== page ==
Skip to content

Cancer Health Center

Font Size

How to Document Your Medical History

Tips on How to Ensure You Have Your Medical Records When It Counts
By
WebMD Feature
Reviewed by Louise Chang, MD

Once you've had cancer, it becomes a major part of your medical history. Make sure to get a copy of your cancer treatment records. That way, you can share the information with any doctors you see, now and in the future.

Should a potentially cancer-related problem develop later on, the medical document can offer doctors valuable clues, says Mary McCabe, RN, MA, director of Memorial Sloan-Kettering Cancer Center's Cancer Survivorship Program. "To know that you had a drug that causes neuropathy or that can be damaging to the heart is extremely important. To know that you had radiation to an area of your shoulder may explain why you have limited range of motion."

Recommended Related to Cancer

Previously Untreated Childhood Rhabdomyosarcoma

Local Control Management: Surgery In recent years, the predominant site of treatment failure in patients with initially localized rhabdomyosarcoma has been local recurrence. Both surgery and radiation therapy are primarily measures taken to produce local control, but each has risks, as well as benefits. Surgical removal of the entire tumor should be considered initially, but only if major functional/cosmetic impairment will not result.[1] With that proviso, complete resection of the primary...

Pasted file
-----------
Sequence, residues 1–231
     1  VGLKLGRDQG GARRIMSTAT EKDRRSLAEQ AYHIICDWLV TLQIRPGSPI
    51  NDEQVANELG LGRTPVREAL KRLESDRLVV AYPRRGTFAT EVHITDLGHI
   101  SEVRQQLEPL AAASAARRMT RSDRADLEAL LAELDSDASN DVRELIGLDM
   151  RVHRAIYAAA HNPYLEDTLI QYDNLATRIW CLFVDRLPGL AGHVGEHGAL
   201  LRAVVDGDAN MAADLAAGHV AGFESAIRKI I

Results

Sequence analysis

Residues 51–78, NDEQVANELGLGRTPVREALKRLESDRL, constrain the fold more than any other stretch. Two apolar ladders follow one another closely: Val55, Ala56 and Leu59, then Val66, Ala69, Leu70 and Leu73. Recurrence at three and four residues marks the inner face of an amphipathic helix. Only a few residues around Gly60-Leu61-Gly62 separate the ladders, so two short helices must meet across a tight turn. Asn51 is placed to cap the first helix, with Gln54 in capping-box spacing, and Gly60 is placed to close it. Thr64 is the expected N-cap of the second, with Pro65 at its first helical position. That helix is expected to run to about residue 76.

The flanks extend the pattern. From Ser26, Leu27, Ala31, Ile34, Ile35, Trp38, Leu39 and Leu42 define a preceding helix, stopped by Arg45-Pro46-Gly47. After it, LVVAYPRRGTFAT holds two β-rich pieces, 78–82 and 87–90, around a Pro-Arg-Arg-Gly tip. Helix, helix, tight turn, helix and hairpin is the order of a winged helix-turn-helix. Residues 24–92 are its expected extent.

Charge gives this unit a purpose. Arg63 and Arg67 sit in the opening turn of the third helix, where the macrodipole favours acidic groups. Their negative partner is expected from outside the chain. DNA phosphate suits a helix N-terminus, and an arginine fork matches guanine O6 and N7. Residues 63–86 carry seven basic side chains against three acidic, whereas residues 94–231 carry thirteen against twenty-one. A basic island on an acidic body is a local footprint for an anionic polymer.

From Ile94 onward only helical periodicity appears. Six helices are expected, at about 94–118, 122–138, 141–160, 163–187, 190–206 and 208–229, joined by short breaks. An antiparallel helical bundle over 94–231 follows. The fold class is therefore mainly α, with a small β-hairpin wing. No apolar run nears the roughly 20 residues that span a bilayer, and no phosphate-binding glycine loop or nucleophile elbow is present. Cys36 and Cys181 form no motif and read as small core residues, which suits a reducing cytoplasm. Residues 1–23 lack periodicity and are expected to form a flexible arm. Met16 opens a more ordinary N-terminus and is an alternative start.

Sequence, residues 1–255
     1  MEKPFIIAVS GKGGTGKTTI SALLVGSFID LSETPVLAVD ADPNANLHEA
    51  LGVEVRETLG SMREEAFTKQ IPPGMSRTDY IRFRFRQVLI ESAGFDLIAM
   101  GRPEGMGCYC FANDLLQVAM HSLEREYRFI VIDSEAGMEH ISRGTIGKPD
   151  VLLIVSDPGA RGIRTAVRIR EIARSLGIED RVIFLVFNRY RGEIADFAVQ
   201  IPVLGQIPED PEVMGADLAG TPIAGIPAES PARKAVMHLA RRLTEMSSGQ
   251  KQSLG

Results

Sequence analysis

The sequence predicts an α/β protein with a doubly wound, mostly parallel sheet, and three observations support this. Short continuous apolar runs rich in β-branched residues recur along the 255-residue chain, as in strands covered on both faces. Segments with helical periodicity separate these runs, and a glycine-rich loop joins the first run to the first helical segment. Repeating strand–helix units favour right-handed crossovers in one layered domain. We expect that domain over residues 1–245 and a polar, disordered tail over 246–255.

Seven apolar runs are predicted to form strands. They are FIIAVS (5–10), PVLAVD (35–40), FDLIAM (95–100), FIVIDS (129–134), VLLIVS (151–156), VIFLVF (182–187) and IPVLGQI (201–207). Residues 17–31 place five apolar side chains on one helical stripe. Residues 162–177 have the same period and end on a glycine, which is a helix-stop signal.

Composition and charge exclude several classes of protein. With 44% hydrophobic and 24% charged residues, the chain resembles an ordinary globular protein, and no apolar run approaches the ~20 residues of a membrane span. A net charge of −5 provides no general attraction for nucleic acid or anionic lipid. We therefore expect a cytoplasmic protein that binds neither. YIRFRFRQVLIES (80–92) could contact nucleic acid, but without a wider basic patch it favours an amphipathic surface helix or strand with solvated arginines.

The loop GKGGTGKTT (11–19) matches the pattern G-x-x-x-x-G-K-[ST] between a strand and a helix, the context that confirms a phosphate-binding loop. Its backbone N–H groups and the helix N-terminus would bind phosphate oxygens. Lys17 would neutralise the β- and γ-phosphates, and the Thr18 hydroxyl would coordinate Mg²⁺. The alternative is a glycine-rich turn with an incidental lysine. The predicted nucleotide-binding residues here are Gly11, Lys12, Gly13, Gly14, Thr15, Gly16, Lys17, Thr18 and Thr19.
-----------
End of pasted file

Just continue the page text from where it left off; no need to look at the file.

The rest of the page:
Read the Previously Untreated Childhood Rhabdomyosarcoma article > >

According to the National Cancer Institute, the following information is crucial to include in your medical document.

  • Your specific type of cancer
  • When you were diagnosed
  • Details about all of your cancer treatment, including surgeries; names and doses of all drugs; and sites and total amounts of radiation therapy
  • Places and dates of treatment
  • Contact information for all doctors and other health professionals who treated you or provided follow-up care
  • Key lab reports, pathology reports, and X-ray reports
  • Any problems or complications that happened after treatment
  • Details on supportive care you received, for example, pain or nausea medication, emotional support, or nutritional supplements

Consider sending a copy of your medical records to a trusted relative outside of your area, too. Be sure to send updates on important medical developments so that the file stays current. That way, if you lose your medical records to fire, theft, or natural disaster, you'll have a backup copy.

Today on WebMD

Colorectal cancer cells
A common one in both men and women.
Lung cancer xray
See it in pictures, plus read the facts.
 
sauteed cherry tomatoes
Fight cancer one plate at a time.
Ovarian cancer illustration
Do you know the symptoms?
 
Jennifer Goodman Linn self-portrait
Blog
what is your cancer risk
HEALTH CHECK
 
colorectal cancer treatment advances
Video
breast cancer overview slideshow
SLIDESHOW
 
prostate cancer overview
SLIDESHOW
lung cancer overview slideshow
SLIDESHOW
 
ovarian cancer overview slideshow
SLIDESHOW
Actor Michael Douglas
Article